Drivers of plug-in hybrid or electric cars are likely aware of the cabin pre-heating process. This is also available as an option on some luxury cars and allows owners to warm or cool the cabin of the car before they climb on board. Recent trends are allowing owners of their vehicles to set this temperature from their phones with a provided app from the vehicle manufacturer.

As well as setting a temperature for the car’s cabin, pre-heating lets an owner set a time for when the cabin needs to be warmed up. It is an added luxury on conventional cars, but on EVs and plug-in hybrids, it is an essential way of saving battery charge for driving. It means the cabin is warmed or cooled and ready to go when using power from the mains, thus maximizing the number of miles that the vehicle can travel on a full charge.

BMW App To Control Temperature – Photo Courtesy of BMW

More technologies to keep drivers comfortable while driving are on the forefront. Swiss manufacturer Senserion has developed technology that incorporates climate control into heated and cooled seats. Automatic climate control in vehicle seats continuously measures the humidity and temperature on the seat surface and backrest, thereby automatically controlling seat heating and ventilation. Multiple sensors integrated in the vehicle seat supply the data required for the automatic control function, ensuring that individualized climate control remains within a predefined comfort range. Manually switching the system on or off or even readjusting it becomes unnecessary – integrated humidity and temperature sensors take care of this. 

Hyundai has developed a couple new technologies as well. One of the challenges of current air conditioning systems in cars is that the evaporator can grow mold and blow that directly into the vehicle. Hyundai’s After-Blow Technology dries the condensate on the evaporator to suppress mold growth in the air conditioning system. Often mold growth in the air conditioning system shows up as an odor during hot weather. The system has the After-Blow Tech activate for 10 minutes after the engine cools off to get rid of any leftover condensate.

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There is also a Fine Dust Indicator that measures the inside air in real-time to provide the driver information on managing their air quality. The indicator displays the concentration of ultrafine particles inside the vehicle using integer numbers and color codes. The codes include blue for 0 to 15 µg/m3, green for 16 to 35 µg/m3, orange for 36 to 75 µg/m3, and red for 76 µg/m3 or higher.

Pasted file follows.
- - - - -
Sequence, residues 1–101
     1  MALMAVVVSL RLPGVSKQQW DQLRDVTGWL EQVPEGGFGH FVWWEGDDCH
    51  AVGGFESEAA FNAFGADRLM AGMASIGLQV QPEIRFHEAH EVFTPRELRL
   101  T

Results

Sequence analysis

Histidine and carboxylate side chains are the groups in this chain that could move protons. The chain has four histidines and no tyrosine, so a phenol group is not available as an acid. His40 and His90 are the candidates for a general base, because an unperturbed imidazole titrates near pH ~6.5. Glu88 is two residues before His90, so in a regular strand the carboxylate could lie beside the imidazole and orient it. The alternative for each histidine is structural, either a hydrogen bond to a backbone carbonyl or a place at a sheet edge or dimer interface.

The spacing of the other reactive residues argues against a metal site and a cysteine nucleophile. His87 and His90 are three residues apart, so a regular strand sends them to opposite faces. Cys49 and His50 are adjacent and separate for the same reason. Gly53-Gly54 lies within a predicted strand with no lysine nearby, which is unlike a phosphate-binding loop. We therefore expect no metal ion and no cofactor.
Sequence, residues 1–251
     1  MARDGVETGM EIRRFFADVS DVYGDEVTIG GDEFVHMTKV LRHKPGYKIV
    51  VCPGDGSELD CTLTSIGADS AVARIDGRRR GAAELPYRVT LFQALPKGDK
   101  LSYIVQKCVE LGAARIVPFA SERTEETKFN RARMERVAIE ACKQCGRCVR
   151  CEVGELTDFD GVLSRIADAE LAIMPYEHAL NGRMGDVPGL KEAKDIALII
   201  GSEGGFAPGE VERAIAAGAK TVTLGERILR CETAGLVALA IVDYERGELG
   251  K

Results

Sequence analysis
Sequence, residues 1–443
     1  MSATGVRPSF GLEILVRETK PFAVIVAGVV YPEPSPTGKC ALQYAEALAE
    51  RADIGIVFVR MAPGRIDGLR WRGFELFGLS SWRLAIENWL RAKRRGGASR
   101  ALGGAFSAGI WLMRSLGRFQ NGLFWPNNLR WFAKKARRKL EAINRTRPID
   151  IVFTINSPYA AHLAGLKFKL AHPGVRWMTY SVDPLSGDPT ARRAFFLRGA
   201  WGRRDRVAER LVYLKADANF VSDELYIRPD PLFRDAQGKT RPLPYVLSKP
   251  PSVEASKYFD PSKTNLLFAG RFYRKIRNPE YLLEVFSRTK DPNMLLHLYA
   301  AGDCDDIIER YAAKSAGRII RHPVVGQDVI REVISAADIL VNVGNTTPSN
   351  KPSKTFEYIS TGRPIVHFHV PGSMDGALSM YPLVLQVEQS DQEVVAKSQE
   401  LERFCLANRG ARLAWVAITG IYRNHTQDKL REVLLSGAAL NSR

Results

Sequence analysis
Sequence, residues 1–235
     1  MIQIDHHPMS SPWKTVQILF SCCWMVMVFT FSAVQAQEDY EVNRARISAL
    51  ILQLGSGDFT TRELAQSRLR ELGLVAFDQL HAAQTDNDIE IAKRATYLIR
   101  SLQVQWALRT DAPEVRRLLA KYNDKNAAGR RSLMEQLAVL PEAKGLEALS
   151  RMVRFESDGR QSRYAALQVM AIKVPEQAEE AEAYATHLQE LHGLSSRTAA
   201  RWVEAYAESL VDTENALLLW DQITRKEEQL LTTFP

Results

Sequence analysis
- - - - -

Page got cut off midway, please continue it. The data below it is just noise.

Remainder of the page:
If the levels get above 36 when the function is active, the air-cleaning mode will run to purify the air in the vehicle. The system activates the climate control system and sets the air volume between three and eight in re-circulation mode and activates the A/C system to reduce indoor humidity. It’s unclear when any of these technologies might show up on production vehicles.

IAV Automotive Engineering Inc., a global engineering services company, has developed an AI-infused climate control system that learns the temperature preferences of vehicle occupants and tailors’ conditions for maximum interior comfort. IAV showcased the feature this year at CES, along with a complementary next-generation voice-control system called Smart Speech, which can recognize individual passengers based on voices and tailor cabin preferences to them. 

The broad goals: Infuse intuitive smarts into the vehicle and minimize the number of physical interactions an occupant needs to have with the car. Eventually, the profiles created and stored by these systems will hold the capability to follow occupants from one vehicle to another. That will be ideal for ride-hailing services, where preset climate and music preferences can await riders before they clamber aboard. 

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And let us not forget about “Dog-Mode.” Dog Mode is a climate-control feature that leaves the car’s air conditioning or heater on when owners leave their pets in their Teslas. It is accessed through the climate-control settings. You simply select the fan icon at the bottom of the 15-inch screen and select “Dog” on the far right under the “Keep Climate On” settings. Then, when you exit your Tesla, a message is displayed that reads: “My owner will be back soon. Don’t worry! The heater [or A/C] is on and it’s XX degrees.” The temperature stays where you set it for as long as you are away from the car, which is one of the benefits of having a giant battery pack onboard.

If the owner is gone for long periods of time and the Model 3’s battery goes below 20 percent, a push notification goes to the owner’s phone to prompt them to get back to their pet.

From the days of heating a vehicle’s interior with exhaust gases to using an evaporator cooler (AKA, Swamp cooler) mounted on the passenger window to cool the interior, climate control systems have evolved into sophisticated systems. 

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Maintaining the temperatures in the vehicle to keep all passengers comfortable is a high priority for vehicle manufacturers and the future of these systems will continue to get more sophisticated and, of course, require ever-changing training needs.